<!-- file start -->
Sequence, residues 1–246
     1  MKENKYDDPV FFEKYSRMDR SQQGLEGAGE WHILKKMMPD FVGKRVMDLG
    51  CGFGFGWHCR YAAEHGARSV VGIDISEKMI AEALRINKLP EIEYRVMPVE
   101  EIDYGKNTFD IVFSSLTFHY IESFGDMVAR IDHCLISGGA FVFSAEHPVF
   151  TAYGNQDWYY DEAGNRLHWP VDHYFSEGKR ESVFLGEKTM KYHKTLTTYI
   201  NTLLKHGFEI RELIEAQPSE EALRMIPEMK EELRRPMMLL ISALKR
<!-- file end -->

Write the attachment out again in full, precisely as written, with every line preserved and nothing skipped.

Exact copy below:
Sequence, residues 1–246
     1  MKENKYDDPV FFEKYSRMDR SQQGLEGAGE WHILKKMMPD FVGKRVMDLG
    51  CGFGFGWHCR YAAEHGARSV VGIDISEKMI AEALRINKLP EIEYRVMPVE
   101  EIDYGKNTFD IVFSSLTFHY IESFGDMVAR IDHCLISGGA FVFSAEHPVF
   151  TAYGNQDWYY DEAGNRLHWP VDHYFSEGKR ESVFLGEKTM KYHKTLTTYI
   201  NTLLKHGFEI RELIEAQPSE EALRMIPEMK EELRRPMMLL ISALKR